EXWM, EVIL, and PolyBar

To start with I wanted to discuss some terminology. Most of what someone interacts with, when using a computer is a part of the "display environment". Some operating systems can be configured to use one of several display environments, or something known as a "window manager". Which performs a similar function to a display environment though in a much more minimal way. Window managers generally do not include things like wifi managers, volume or brightness controls, or other GUI (graphical user interface) applications to configure the system. Tiling window managers, take this minimalism further by removing the need to use a mouse to position application windows. Instead locking them together as part of a larger grid, and using hotkeys to adjust how the screen is divided among these tiles. EXWM (Emacs X Window Manager) is one such tiling window manager.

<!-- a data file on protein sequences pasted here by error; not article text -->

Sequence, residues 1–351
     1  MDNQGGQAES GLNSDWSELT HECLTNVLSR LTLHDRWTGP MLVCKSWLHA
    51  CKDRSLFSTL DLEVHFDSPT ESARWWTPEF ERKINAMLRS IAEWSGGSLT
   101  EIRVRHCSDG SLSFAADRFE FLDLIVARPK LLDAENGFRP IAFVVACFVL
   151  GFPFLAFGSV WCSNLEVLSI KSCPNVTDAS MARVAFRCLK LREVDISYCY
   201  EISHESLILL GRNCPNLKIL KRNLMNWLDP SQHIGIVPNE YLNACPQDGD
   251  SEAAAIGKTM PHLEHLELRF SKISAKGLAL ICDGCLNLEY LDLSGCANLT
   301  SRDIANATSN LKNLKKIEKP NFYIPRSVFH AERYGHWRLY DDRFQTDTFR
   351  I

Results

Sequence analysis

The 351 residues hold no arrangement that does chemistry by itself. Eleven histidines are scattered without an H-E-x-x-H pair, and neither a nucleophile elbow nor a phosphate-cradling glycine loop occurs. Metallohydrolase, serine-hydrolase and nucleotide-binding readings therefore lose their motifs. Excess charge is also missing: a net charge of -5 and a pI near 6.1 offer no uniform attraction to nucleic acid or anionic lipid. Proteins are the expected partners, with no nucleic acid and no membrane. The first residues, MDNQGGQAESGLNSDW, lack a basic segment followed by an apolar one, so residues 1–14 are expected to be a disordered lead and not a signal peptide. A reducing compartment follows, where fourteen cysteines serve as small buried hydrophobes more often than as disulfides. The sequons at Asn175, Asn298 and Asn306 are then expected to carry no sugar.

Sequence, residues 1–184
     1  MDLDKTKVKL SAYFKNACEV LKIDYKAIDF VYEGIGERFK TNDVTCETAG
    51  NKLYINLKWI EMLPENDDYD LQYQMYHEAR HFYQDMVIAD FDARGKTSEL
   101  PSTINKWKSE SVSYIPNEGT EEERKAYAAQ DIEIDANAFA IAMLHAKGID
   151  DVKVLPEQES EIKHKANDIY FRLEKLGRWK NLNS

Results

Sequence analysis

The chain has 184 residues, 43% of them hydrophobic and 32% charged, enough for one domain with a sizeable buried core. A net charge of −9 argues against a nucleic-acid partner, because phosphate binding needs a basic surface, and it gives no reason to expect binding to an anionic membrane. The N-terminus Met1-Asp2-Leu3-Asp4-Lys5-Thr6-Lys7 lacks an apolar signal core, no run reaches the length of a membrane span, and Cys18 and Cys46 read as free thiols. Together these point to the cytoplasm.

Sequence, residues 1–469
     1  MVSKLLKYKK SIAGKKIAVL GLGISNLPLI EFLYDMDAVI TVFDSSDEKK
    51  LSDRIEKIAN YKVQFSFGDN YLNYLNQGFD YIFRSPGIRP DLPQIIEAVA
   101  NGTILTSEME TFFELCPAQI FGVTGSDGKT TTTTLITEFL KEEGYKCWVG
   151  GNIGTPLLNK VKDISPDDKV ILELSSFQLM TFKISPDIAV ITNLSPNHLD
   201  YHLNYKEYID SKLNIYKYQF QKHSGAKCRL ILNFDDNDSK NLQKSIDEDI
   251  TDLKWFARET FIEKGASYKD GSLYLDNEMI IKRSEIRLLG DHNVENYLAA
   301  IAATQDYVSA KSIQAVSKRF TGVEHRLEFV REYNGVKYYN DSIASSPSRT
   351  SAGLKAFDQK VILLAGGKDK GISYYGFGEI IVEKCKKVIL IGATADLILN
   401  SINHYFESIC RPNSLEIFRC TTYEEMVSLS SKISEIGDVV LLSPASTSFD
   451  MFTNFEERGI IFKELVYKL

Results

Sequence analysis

EXWM is an Emacs package that I installed using straight.el. A functional package manager internal to Emacs. It uses the Emacs-Daemon to contain other applications inside an Emacs Frame. Allowing you to use your normal Emacs inputs to interact with non-Emacs programs. This includes rearranging windows, copy, paste, registers, and more generally it homogenizes how I interact with a variety of programs. Eventually, I plan to further extend this with applications like Xkey-snail. Which allows you to mask non-Emacs hot-keys under Emacs Commands. Currently the one major downside of EXWM is that Emacs is single threaded. Meaning that performing certain operations can freeze your entire system until that operation has completed. However there is an ongoing project to update Emacs to multi-threading, and I have not actually encountered a lock up in real world use.